Shakespeare, Sex, and Seafood: A Night Out at A.R.T.

ARTThe Oregon Shakespeare Festival's "Othello." Photo by Jenny Graham.

The American Repertory Theater’s 2019 lineup is as colorful as ever—here are five upcoming shows you won’t want to miss.

“Miss You Like Hell” 

Jan. 11 – 27, OBERON. Tickets start at $25.

Imagine Kerouac, Steinbeck, Faulkner, or whoever’s “road journey” narrative you read in school—but recast it with mother-daughter protagonists in a pickup truck. “Miss You Like Hell,” a new musical written by Quiara Alegría Hudes and Erin McKeown, follows the story of 16-year-old Olivia and her estranged mother Beatriz, who suddenly re-enters her daughter’s life to bring her on a road trip. Their destination? Beatriz’s immigration hearing, where her daughter’s testimony could help make the case for her to stay in the United States. The show’s run at OBERON marks its New England premiere.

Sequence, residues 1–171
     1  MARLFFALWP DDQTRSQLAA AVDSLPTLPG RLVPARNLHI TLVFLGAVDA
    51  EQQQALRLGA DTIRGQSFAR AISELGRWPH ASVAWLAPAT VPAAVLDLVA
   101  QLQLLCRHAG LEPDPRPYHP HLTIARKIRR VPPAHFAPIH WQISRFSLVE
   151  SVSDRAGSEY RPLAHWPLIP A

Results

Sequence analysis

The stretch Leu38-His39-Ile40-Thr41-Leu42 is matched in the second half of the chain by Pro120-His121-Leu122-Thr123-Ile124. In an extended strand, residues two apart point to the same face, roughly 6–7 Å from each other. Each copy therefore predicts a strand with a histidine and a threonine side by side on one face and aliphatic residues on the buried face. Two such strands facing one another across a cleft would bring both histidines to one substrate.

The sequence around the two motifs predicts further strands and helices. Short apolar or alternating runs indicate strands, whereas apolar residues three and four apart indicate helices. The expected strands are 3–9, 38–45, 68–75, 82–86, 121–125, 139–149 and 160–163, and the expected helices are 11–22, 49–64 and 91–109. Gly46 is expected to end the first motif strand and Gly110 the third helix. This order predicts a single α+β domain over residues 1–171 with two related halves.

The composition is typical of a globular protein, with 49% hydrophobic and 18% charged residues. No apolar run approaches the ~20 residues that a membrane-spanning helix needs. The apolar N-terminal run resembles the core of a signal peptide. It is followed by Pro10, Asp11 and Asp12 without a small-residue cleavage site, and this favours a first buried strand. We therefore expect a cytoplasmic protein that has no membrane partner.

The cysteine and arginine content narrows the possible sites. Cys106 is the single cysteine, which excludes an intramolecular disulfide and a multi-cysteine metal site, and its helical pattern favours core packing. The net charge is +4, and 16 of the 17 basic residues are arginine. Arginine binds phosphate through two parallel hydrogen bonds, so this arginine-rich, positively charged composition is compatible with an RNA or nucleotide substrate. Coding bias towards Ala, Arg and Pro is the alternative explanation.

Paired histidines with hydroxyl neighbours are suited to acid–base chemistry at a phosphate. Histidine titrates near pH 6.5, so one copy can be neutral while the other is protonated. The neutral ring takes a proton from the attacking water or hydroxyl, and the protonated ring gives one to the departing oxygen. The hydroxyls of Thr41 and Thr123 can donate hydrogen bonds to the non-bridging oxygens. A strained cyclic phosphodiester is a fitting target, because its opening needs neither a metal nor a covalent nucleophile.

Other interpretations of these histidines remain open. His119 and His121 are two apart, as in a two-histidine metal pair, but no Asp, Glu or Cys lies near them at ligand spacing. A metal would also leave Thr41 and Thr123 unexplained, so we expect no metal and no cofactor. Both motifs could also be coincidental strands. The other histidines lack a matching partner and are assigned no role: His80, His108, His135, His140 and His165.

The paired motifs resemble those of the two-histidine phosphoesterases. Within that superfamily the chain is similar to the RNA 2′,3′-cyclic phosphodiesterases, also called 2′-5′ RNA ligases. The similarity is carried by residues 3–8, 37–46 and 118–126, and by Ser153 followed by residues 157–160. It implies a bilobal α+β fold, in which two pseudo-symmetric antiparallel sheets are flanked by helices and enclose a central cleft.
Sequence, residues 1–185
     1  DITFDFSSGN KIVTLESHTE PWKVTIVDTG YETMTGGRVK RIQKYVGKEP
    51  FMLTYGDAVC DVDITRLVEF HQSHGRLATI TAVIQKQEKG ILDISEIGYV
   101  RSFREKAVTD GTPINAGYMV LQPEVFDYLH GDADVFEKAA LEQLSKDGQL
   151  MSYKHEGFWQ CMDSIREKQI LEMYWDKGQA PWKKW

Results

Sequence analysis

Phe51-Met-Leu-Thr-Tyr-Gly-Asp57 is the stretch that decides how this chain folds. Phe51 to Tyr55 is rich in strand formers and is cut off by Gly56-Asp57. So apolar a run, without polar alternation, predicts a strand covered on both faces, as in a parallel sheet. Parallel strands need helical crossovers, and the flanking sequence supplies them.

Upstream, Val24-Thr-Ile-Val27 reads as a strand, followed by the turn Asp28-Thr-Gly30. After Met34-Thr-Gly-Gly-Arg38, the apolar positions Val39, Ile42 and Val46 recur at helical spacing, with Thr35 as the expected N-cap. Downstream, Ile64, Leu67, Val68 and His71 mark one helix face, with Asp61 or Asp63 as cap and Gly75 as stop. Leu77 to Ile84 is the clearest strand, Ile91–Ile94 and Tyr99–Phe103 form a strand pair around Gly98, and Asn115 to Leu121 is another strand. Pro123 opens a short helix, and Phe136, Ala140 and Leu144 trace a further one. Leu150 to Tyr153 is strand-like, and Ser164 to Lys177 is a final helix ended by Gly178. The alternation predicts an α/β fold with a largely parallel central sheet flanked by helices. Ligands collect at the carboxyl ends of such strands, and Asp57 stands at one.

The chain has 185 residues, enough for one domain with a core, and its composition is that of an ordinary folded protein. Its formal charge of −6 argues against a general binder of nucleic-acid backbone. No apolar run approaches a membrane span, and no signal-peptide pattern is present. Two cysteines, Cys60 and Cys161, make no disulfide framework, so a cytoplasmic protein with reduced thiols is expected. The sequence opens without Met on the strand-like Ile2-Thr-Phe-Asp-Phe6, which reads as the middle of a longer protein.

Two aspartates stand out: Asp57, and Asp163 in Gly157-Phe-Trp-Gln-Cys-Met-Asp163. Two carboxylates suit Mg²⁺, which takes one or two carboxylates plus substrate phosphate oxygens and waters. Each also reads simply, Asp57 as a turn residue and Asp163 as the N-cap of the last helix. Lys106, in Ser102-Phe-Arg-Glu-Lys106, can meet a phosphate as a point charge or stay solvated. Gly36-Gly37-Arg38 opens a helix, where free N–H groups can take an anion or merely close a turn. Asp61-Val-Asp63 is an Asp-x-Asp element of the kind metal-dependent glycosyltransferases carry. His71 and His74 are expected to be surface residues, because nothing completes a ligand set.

Jan. 13 – Feb. 9, Loeb Drama Center. Tickets start at $35.

While A.R.T. is known for pushing the theater envelope, they still sprinkle their seasons with classical works. This year, it’s the Oregon Shakespeare Festival’s rendition of “Othello,” the Shakespearean tragedy infamous for its themes of xenophobia and racism (which seem to speak directly to American audiences). This version is set contemporarily, with a diverse cast that complicates the play’s racial and cultural expressions. Bringing “Othello” to the Loeb is also particularly significant for director Bill Rauch—he went to Harvard as an undergrad, and directed some of his first plays on the Loeb Drama Center’s mainstage.


Feb. 21, OBERON. Tickets start at $25.

Comedian and storyteller Desiree Burch can summarize her new one-hour solo show very neatly—“The show takes on sex, work, sex work, and how to keep sex from becoming work,” she told The List—but “Unf*ckable” is much more than raunch. Through colorful stories of Burch’s sexual partners and past as a “virgin professional dominatrix,” Burch discusses body image, race, and self-worth, attacking and dismantling stereotypes of black womanhood.

“Dragon Cycle”

Mar. 20 – Apr. 6, OBERON. Tickets start at $35.